Perhaps the most complex of the three, histone proteins can be subjected to various posttranslational modifications including acetylation, methylation, phosphorylation, ubiquitination, deimination and sumoylation. They are usually restricted to lysine and arginine residues but can also occur on serine and threonine. High levels of acetylation and trimethylated lysine (K) residue 4 of histone H3 (H3K4), H3K36 and H3K79 are associated with a more relaxed actively transcribed conformation of chromatin called euchromatin. Low levels of acetylation and high levels of H3K9, H3K27 and H4K20 methylation on the other hand result in a more condensed transcriptionally inactive heterochromatin. Most posttranslational histone modifications are dynamic and are regulated by families of enzymes that either bind or remove specific functional groups. For example, histone acetyltransferases (HATs) add, while histone deacetylases (HDACs) remove acetylation marks. Histone methyltransferases add methyl groups to arginine and lysine residues, while deiminases and lysine demethylases reverse these changes. There is also a similar relationship between histone kinases and phosphatases (20,21).
miRNAs perform their regulatory role in a very different way. They are small, approximately 21 nucleotide-long, non-coding RNAs usually associated with target gene repression. They facilitate binding of the RNA-induced silencing complex (RISC) to the target mRNA, usually within its 3´ UTR region. When miRNA sequence completely matches that of the target, mRNA is degraded. More often, miRNAs bind imperfectly to their targets, resulting in translational inhibition without mRNA cleavage. This can result in decreased target protein levels without any changes in the mRNA concentration. Individual miRNAs generally regulate multiple target genes at modest levels and many different miRNAs can target the same transcript (22).
Similar to miRNA-mediated posttranscriptional regulation, DNA methylation is mainly associated with gene repression. It is a reversible covalent binding of a single methyl group to the 5´ carbon of a cytosine residue located next to a guanosine. These dinucleotides commonly annotated as CpGs, occur with higher than expected frequency in regions referred to as CpG islands. These are unevenly distributed throughout the genome, located in promoter regions of genes, within genes and in intergenic locations. DNA methylation patterns are established by three DNA methyltransferases (DNMTs), namely DNMT1, DNMT3A and DNMT3B, and can be preserved during DNA replication and mitosis. This enables the inheritance of DNA methylation-mediated repression of target gene expression. The mechanisms of DNA demethylation which can be either passive or active are not yet fully elucidated (20).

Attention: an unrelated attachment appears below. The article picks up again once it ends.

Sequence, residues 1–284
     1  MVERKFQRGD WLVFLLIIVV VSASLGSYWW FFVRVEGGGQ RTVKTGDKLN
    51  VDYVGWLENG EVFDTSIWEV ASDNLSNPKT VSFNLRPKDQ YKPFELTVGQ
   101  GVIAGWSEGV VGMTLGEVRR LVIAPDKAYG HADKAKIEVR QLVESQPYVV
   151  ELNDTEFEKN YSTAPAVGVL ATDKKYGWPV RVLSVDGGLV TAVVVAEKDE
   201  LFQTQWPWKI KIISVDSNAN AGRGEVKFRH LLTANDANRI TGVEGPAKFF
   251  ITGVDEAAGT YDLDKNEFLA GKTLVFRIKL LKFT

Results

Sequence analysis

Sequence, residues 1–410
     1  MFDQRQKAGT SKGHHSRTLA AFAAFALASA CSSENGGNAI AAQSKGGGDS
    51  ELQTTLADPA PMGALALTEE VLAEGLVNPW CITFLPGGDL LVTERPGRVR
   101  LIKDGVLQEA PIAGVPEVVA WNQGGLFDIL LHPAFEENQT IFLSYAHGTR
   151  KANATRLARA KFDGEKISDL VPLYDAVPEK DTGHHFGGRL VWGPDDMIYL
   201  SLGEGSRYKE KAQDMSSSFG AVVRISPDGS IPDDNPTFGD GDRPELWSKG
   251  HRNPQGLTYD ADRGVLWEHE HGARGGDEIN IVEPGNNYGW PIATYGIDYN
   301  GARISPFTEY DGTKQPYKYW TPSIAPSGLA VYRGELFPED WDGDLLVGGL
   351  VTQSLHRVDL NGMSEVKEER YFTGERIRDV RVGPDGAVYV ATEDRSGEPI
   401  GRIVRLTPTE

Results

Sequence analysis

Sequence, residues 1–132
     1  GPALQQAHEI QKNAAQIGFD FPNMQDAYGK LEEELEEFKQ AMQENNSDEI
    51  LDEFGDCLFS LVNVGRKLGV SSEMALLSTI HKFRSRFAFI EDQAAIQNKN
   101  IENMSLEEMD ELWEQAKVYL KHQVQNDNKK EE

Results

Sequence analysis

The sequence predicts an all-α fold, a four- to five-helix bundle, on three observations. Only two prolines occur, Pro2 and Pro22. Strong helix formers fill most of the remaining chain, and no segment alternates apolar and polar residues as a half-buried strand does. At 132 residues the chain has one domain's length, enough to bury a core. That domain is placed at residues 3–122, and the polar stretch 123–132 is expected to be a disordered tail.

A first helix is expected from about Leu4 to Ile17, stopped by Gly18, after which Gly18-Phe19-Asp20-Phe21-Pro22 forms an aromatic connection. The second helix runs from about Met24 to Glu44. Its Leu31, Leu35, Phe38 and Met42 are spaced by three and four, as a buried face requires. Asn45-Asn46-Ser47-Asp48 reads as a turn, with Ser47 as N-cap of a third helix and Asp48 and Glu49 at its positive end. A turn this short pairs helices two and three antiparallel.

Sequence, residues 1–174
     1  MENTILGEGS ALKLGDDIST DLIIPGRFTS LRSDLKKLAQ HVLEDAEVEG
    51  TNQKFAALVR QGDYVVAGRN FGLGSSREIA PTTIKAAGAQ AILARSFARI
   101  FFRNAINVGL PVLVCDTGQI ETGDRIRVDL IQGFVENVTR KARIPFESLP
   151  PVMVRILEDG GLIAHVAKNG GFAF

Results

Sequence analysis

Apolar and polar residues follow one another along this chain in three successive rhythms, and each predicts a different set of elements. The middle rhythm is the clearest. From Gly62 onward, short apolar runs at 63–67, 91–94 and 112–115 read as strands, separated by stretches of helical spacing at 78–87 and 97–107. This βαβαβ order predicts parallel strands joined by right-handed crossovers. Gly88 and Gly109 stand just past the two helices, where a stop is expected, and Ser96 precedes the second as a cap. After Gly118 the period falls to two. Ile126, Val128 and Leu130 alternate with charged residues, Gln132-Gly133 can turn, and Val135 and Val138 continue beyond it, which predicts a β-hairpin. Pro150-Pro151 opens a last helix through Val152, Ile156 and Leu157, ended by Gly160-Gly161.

Coregulators of estrogen signaling
As already mentioned, recruitment of a variety of coregulators in large multifunctional protein complexes is intrinsic to estrogen signaling. Most of these coregulators interact with many members of the nuclear receptor superfamily and are involved in chromatin remodeling, histone modifications, transcription initiation and elongation, splicing and proteasomal degradation. In addition to gene activation through coactivator recruitment, estrogen signaling is also associated with repression of transcription assisted by corepressors (12,13). Coactivators associated with estrogen-mediated transcription include v-src avian sarcoma (Schmidt-Ruppin A-2) viral oncogene homolog (SRC1), nuclear receptor coactivator 2 (NCOA2), NCOA3, proline, glutamate and leucine rich protein 1 (PELP1), CREB binding protein (CBP), E1A binding protein p300 (p300), K(lysine) acetyltransferase 2B (PCAF/KAT2B), coactivator-associated arginine methyltransferase 1 (CARM1) and protein arginine methyltransferase 1 (PRMT1) while estrogen-induced repression recruits corepressors nuclear receptor corepressor 1 (NCOR1), NCOR2 and metastasis associated 1 (MTA1) among others (23). Even though coregulators are involved in a multitude of transcriptional steps we would like to point out their role as intermediates between transcriptional coregulation and epigenetic changes. A number of coregulators possess chromatin-modifying activities such as acetyltransferase and methyltransferase activity. In fact, histone acetylation is a necessary early step in transcription initiation marking active chromatin sites. Acetylation, as well as certain methylation marks attract additional transcriptional coactivators which in turn recruit general transcriptional machinery, including RNA polymerase and its accessory factors. The most commonly utilized HATs include p300, CBP, PCAF, KAT2A and KAT5. Conversely, removal of these acetylation marks from histones by corepressor complexes is associated with target gene silencing. Common HDACs include sirtuin 1 (SIRT1) and HDAC1-4 (24). Clearly chromatin modifications are integral to estrogen-mediated transcriptional regulation and gene expression in general.